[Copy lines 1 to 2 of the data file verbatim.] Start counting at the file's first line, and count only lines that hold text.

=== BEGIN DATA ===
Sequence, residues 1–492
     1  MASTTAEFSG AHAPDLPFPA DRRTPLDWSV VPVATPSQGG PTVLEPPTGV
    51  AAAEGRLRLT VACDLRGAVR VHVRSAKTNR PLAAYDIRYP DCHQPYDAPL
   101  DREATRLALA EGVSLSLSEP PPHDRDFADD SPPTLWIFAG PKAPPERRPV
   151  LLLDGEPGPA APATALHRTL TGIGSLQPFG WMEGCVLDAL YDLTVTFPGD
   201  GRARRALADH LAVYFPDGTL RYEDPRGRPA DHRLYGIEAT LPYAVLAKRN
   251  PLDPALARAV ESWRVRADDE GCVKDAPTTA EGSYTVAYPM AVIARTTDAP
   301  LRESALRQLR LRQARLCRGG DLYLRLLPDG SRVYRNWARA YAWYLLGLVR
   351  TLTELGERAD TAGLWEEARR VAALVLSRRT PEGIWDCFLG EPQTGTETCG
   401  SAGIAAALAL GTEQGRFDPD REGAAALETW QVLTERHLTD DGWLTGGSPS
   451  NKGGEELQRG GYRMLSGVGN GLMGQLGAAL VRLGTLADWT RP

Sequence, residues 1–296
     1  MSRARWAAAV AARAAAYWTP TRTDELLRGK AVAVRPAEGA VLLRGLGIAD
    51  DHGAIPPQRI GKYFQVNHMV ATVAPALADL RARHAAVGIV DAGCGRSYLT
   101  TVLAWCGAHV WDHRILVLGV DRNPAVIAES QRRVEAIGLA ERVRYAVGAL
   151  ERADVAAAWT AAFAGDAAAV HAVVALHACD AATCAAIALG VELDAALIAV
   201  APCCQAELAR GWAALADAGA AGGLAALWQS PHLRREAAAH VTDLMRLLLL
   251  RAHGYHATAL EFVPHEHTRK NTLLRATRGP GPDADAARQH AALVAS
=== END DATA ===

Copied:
Sequence, residues 1–492
     1  MASTTAEFSG AHAPDLPFPA DRRTPLDWSV VPVATPSQGG PTVLEPPTGV